It’s been brilliant seeing the good press about Birmingham that has flooded in over recent months. Having discovered and championed so much about my home city of Birmingham that I never expected since moving back a few years ago, it’s so refreshing to finally see some of that getting some well-deserved exposure and Birmingham becoming known as more than the city of ‘that accent’. The Economist, The Guardian, The Times, The Independent, GQ… so many of the nationals are at it. Even The Rough Guide got in there, and The New Yorker were there a while ago.
It feels like the tide is turning for the City, and it feels like it’s about time. It’s exciting, and I feel proud of how far our city has come.
But the race is not won yet. Amidst the deserved championing of great things that have sprung up in the city (and the stuff that’s been around for years), it’d be easy to be forgiven for overlooking some key facts about Birmingham.
1 in 3 children live in poverty1, 40% of children are overweight or obese2, there are huge numbers of children waiting to be adopted3, infant mortality is around 60% worse than the national average4, we have a youth unemployment rate that is scary amongst the city with Europe’s highest population of young people5… the list can and does go on.
Despite the headlines and the hype, we cannot truly be proud of Birmingham whilst these facts remain true.
Yes, ALL big cities face these huge challenges of inequality. The mega-cities probably have it much worse in many respects; head to Mumbai or Rio and the imbalances are impossible to ignore.
But it is not enough to shrug these shameful statistics off as a necessary fact. We do not have to accept the world as it is. We do not have to accept the city as it is.
And here’s the thing: I believe that Birmingham has the ingredients of what it takes to really turn the dial on these truths.
For a city the size of London to seriously challenge these statistics is really very difficult. For starters, it’s not really one city – it’s a collection of boroughs which are mini-entities within themselves, governed separately for better or worse.
Birmingham, on the other hand, is of a very specific size: populous enough to be a large city with all the problems that brings, but small enough to have the potential to be connected in a way that huge cities could never dream of.
Spend enough time trying something out in Brum, and you’ll find that the city’s circles of ‘influence’ – in its many forms – are actually very dense and relatively connected. To reach practically anyone within these circles it can often feel like there’s just 2 degrees of separation or less – as long as you have an ‘in’ to some part of the network to begin with (which is the subject of a separate post altogether).
It’s what Jim Clifton (Gallup CEO) terms ‘local tribal leadership’ – the local CEOs, philanthropists, people with influence in some way – people with a deep emotional investment in their cities.
We have tribes and local tribal leaders in abundance in Birmingham. Examples are easily found in tech, creative, professional services, makers, media to name just a few. These tribes are the product of years of steady, focussed and, most importantly, self-directed work. These tribes have formed not as a result of any government initiative or money-injected directive, they’ve formed because of the drive and energy of people willing to love and work for the city they have chosen to call their own.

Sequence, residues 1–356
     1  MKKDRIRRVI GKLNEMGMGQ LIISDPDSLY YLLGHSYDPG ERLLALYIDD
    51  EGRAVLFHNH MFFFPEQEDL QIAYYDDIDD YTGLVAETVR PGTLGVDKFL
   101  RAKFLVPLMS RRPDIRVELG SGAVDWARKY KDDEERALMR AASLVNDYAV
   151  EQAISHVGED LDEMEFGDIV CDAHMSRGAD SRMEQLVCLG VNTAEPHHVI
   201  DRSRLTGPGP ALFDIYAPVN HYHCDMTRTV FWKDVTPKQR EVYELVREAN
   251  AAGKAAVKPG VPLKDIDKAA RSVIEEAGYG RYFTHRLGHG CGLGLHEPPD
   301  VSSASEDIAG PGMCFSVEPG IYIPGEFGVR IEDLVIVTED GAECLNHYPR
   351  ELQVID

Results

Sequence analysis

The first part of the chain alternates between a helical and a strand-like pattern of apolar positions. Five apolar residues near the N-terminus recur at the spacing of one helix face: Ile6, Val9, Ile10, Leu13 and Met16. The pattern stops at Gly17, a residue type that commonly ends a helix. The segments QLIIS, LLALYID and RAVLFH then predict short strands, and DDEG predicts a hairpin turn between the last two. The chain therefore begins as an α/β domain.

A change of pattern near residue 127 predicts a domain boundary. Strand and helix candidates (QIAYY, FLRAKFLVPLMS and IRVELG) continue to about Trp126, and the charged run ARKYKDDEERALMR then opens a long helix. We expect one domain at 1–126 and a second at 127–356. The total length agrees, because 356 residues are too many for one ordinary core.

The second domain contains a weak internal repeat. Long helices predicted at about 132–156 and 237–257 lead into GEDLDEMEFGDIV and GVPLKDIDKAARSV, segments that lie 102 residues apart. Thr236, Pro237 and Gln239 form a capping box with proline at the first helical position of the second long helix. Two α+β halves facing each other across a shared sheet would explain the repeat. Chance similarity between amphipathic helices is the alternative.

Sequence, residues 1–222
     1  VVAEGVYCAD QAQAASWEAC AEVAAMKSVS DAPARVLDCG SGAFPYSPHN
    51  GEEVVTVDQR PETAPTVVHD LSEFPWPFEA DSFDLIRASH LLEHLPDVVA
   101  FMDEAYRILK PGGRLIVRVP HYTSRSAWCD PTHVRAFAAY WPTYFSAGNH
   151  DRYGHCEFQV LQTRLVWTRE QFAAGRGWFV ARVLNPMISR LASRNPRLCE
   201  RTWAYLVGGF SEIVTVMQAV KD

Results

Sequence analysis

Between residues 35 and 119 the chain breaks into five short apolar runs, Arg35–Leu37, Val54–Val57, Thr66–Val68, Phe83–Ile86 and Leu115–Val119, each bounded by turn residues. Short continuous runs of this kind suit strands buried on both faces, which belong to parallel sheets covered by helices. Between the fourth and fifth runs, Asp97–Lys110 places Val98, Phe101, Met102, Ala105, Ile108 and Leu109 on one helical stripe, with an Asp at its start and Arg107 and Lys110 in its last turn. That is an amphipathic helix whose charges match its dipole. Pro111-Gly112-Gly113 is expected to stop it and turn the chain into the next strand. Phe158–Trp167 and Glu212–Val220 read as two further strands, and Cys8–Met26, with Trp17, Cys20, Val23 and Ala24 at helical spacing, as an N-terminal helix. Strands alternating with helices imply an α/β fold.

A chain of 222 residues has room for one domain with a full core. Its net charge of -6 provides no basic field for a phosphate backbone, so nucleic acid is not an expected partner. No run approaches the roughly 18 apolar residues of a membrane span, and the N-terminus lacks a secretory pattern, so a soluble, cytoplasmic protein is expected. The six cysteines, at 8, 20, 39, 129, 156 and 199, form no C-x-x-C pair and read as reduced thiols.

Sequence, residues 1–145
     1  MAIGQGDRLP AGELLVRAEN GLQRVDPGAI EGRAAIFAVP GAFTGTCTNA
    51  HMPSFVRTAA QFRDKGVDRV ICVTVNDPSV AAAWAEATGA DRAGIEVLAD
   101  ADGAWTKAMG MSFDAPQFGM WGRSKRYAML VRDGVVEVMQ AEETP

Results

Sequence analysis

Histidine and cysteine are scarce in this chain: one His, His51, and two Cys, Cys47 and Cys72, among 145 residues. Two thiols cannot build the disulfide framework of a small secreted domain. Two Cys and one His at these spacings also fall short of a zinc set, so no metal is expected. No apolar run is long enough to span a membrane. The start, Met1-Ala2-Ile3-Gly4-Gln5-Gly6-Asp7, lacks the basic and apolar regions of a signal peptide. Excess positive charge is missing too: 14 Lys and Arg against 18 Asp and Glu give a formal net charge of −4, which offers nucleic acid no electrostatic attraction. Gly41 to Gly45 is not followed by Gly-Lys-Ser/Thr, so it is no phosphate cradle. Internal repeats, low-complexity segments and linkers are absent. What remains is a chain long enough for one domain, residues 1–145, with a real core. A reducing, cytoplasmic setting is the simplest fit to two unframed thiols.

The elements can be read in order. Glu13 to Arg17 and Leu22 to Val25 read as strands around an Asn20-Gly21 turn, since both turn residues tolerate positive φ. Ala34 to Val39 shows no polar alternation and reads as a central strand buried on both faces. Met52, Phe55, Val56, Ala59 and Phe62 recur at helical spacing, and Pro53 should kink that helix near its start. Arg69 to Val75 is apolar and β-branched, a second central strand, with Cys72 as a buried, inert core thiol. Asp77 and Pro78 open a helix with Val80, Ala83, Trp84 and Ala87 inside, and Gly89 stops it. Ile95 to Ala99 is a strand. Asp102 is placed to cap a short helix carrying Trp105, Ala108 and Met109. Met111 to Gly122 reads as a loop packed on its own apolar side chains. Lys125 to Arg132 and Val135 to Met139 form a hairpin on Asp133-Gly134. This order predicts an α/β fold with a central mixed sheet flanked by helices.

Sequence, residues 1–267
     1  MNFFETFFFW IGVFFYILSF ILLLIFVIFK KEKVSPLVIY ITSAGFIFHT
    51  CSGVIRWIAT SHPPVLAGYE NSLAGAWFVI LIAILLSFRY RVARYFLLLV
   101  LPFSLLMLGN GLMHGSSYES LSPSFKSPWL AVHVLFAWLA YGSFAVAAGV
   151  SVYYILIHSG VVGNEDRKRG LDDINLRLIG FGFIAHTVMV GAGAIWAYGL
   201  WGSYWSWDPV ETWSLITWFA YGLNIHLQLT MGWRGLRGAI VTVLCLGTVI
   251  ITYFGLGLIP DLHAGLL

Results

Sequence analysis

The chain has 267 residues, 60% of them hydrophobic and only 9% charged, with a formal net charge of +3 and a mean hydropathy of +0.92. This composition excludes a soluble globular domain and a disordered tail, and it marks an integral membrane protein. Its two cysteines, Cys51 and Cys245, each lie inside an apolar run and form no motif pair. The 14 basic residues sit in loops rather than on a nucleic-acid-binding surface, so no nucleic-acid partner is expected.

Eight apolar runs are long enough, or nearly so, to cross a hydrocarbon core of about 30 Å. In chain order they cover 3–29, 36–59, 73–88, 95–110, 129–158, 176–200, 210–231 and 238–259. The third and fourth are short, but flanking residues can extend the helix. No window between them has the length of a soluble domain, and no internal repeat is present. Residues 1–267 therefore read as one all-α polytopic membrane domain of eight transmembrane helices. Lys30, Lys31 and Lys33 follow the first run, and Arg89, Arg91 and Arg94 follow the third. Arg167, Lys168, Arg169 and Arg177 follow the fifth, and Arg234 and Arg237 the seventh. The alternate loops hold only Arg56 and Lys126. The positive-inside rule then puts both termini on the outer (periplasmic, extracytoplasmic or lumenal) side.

So we have these ingredients, these exciting interconnected ingredients, and with a few small changes, it feels like the opportunity is present and the time is right to have a genuine leap at making serious change.
The past month has been a whopping great testament to that, through the launch of a Kickstarter to support the creation of a new Impact Hub in Birmingham – the first in the UK outside of London, joining 60+ other Hubs around the world.
I met up with friend and co-founder of the ImpactHub Birmingham Immy at Euston Station just a few days after the campaign went live, before she caught the last train back to Brum. Having seen various tech crowdfunding campaigns recently who clearly had ‘gamed the process’ – i.e. bunged in a chunk of their own money as an anonymous donor to get the ball rolling – I asked Immy if this was what they were planning to do. After all, £50K was a pretty ambitious target. She laughed and replied, “No! We’ve got nothing left to pour in – we’ve spent all our savings getting it this far in the first place! If this thing happens it will happen because people want it to.”
And pound by pound, the money rolled in. People from all backgrounds – some obvious, others not at all – rallied around and got behind this thing.
Some didn’t even really understand quite what it was, but they didn’t care. They called friends, and said, “Something good is happening. Get the hell involved.” They took that leap of faith for the sole reason that they believe in Birmingham. They believe in this city, and they believe in now. They believe in people brave enough to put themselves out there and say, “I am going to do something. I might not know exactly how to do it, but I am going to do something, and I am going to do it now. Because sitting on my arse is no longer an option.”
Seeing these hundreds of people committing serious energy – and, yes, serious cash – to social change (or social innovation or call it whatever you like) has been an enormous symbol of hope for me about this city. It makes me genuinely optimistic of the chance that together we actually might be able to significantly turn the dial on Birmingham’s problems.
Impact Hub Birmingham have got a few pounds left to go on the Kickstarter. Back it if you haven’t already, if you like.
And then? Let’s get to work – together – in creating a city that’s even better than the headlines. A city we can truly be proud of.